Stefano Gobbi

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Stefano Gobbi
Fr. Stefano Gobbi, circa 2006.
Priest and Founder
Born22 March 1930
Dongo, Italy
Died29 June 2011 (aged 81)
Milan, Italy
Cause of deathHeart attack

Stefano Gobbi (22 March 1930 – 29 June 2011) was an Italian Roman Catholic priest. He was born in the Province of Como, Italy and was ordained as a priest in 1964. He later obtained a doctorate in sacred theology from the Pontifical Lateran University in Rome. He founded the worldwide Catholic movement, the Marian Movement of Priests (MMP) following what he reported as an interior locution in 1972 at the shrine of Our Lady of Fatima. The Roman Catholic Church has never officially recognized the purported interior locutions of Gobbi as being of a heavenly nature.[1] He has been declared a Servant of God by Pope Francis.

The pivotal event[edit]

On 8 May 1972 he was on a pilgrimage to Fátima, Portugal and was praying in the shrine of Our Lady of Fatima. He reported an interior locution from the Virgin Mary. He did not claim a Marian apparition, but a locution, i.e. an internal voice. This inner voice urged him to gather other priests who would be willing to consecrate themselves to the Immaculate Heart of Mary and be strongly united with the Pope and the Catholic Church.[2]

According to Gobbi, he later prayed to the Blessed Virgin Mary for a confirmation of the inner voice, which he reported as receiving in May 1972 while praying in the Church of the Annunciation in Nazareth. On 13 October 1972, on the 55th anniversary of Our Lady of Fatima he and two other priests formed the Marian Movement of Priests in a church in Gera Lario near Como, Italy.[3]

Growth of the movement[edit]

The Marian Movement of Priests grew and by September 1973 included over 80 priests when it held its first national meeting at San Vittorino, near Rome. In 1974, Gobbi started to hold prayer cenacles in Italy for priests and laity, and later held prayer cenacles all over the world.[2] During the cenacle Catholics are called to pray to Jesus through Saint Mary, since it was through her that the Church, the Body of Christ, was born. The MMP is now based in Milan Italy, with branches worldwide. The Marian Movement of Priests in the United States was established in 1975, is based in St. Francis, Maine, and received an official papal blessing from Pope John Paul II in November 1993.[citation needed]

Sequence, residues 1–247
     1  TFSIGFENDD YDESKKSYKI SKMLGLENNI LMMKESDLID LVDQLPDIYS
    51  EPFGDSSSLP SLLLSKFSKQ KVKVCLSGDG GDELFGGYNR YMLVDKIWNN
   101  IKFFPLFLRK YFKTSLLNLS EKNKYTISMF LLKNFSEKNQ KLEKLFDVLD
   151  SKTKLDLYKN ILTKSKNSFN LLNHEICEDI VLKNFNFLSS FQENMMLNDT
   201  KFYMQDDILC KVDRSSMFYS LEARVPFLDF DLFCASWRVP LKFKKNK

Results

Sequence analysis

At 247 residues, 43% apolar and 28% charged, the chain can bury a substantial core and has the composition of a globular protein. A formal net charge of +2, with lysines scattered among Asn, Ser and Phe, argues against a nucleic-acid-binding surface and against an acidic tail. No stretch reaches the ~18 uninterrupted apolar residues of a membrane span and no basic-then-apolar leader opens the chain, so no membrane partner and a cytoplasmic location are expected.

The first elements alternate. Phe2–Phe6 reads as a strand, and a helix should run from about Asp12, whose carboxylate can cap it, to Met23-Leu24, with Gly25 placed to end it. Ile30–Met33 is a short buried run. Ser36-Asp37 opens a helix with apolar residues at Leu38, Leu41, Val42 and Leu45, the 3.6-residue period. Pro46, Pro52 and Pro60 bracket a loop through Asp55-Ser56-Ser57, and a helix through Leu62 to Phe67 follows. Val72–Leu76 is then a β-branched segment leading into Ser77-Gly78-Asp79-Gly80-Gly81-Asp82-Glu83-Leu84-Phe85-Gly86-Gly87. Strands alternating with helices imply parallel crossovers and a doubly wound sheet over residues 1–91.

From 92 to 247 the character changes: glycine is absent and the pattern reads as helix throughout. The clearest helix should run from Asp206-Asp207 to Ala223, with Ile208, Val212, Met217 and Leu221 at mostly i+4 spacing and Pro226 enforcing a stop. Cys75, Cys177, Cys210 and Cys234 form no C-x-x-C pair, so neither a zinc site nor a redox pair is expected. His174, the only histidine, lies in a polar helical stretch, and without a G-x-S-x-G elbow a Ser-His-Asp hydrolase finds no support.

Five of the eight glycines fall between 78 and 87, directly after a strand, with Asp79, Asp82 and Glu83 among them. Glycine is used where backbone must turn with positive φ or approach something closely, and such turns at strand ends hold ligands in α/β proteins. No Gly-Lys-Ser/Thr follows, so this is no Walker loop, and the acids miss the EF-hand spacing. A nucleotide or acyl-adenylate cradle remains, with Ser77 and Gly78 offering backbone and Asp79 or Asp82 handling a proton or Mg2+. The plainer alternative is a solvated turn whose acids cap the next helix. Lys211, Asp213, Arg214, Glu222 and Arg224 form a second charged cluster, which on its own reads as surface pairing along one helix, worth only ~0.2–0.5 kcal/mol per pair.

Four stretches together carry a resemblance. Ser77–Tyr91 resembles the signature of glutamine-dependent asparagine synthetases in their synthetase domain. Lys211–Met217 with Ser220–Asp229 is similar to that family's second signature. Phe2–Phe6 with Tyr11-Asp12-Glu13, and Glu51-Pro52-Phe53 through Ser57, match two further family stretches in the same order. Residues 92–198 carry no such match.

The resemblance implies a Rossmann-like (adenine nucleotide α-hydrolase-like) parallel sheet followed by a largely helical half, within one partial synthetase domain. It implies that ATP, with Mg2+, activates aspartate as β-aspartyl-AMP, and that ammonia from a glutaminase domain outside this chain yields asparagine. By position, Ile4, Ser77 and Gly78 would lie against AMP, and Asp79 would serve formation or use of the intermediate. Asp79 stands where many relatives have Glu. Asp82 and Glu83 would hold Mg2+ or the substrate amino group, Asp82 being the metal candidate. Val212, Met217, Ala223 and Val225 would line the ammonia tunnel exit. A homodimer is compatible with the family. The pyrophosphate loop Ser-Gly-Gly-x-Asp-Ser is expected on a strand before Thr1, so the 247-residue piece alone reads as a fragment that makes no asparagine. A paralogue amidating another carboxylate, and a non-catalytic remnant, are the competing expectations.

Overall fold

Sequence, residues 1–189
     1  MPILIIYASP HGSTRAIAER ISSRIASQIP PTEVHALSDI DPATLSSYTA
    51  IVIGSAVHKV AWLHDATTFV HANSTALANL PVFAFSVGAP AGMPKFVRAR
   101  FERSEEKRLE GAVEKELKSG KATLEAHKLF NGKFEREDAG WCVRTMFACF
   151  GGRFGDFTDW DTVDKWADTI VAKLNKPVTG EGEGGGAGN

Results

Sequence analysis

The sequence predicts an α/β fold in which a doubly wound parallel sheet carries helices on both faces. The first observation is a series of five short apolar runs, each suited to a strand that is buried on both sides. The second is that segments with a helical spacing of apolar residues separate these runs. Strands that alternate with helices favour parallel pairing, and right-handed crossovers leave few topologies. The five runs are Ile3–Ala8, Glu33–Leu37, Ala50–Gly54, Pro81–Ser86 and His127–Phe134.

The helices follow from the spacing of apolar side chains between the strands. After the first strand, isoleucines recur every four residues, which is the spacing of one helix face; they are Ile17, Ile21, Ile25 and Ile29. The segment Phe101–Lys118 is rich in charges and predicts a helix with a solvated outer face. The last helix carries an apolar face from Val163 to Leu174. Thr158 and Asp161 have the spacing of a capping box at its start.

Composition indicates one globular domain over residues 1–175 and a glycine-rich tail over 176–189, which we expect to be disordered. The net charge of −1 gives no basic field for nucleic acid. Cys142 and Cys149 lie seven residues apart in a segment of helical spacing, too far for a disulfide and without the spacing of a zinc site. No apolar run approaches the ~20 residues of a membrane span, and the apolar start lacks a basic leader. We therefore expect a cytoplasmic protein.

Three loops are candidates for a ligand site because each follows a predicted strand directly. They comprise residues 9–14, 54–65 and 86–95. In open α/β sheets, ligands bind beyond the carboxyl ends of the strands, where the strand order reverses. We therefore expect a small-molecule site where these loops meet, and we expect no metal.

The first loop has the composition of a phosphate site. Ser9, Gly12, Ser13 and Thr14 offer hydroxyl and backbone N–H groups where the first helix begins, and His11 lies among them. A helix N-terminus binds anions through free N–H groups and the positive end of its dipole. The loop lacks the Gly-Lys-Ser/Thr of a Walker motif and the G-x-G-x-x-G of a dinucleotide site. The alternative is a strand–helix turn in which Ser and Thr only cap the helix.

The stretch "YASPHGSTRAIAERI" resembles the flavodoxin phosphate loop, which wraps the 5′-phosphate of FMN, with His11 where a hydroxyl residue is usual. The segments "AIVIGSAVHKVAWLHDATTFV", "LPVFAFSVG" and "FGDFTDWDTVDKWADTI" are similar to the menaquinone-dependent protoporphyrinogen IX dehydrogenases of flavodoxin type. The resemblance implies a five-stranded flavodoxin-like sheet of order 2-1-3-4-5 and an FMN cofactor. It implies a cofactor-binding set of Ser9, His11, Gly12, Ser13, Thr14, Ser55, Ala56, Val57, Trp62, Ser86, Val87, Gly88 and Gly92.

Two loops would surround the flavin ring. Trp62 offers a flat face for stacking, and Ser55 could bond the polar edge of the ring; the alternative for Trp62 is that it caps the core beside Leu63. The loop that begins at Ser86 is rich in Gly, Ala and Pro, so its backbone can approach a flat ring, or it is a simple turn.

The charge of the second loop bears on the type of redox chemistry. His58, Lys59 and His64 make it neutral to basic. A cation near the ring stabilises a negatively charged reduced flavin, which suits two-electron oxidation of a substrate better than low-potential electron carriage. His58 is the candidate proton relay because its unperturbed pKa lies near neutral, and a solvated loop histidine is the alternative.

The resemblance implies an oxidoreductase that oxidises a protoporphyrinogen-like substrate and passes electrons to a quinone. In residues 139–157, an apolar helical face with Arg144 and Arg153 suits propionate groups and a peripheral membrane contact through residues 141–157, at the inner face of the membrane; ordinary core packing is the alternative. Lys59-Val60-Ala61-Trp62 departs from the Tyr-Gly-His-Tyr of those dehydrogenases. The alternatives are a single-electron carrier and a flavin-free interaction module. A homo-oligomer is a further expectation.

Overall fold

The messages[edit]

In July 1973, Gobbi began to write his reported interior locutions as messages which he attributed to the Virgin Mary. The messages from July 1973 to December 1997 were published in the book: "To the Priests, Our Lady's Beloved Sons".[2] Cardinal Bernardino Echeverría Ruiz, OFM, Cardinal Ignatius Moussa Daoud and Cardinal John Baptist Wu provided their imprimatur for Gobbi's book. The messages have a pronounced apocalyptic tone.[4]

Relationship with the Vatican[edit]

To date, the Congregation for the Doctrine of the Faith has not taken an official position on the authenticity of Gobbi's interior locutions. The MMP meets regularly in Rome.

Later in life[edit]

Prior to his death, Gobbi was officially based in Milan, but continued to travel worldwide to hold prayer cenacles and promote the cause of the MMP. He died on 29 June 2011 after suffering a heart attack earlier that month.

Cause of beatification and canonization[edit]

On 28 March 2024, the cause of the beatification and canonization of Stefano Gobbi was introduced by Cardinal Oscar Cantoni, the Bishop of Como. Pope Francis declared Gobbi a Servant of God.[5][6]


  1. ^ Review of "The Interior Locutions of Father Stefano Gobbi", Catholic Doors
  2. ^ a b c "Marian Movement of Priests". Retrieved 16 October 2017.
  3. ^ "MMP". Archived from the original on 11 May 2008. Retrieved 16 October 2017.
  4. ^ "Marian Movement of Priests", International Marian research Institute, University of Dayton
  5. ^ "Update on Fr. Gobbi's Cause for Beatification". Marian Movement of Priests. 2024-01-15. Retrieved 2024-04-03.
  6. ^ "Mass to inaugurate the opening of the Cause for Beatification & Canonization of Fr. Stefano Gobi". The Catholic Travel Guide. 2024-05-01. Retrieved 2024-04-10.

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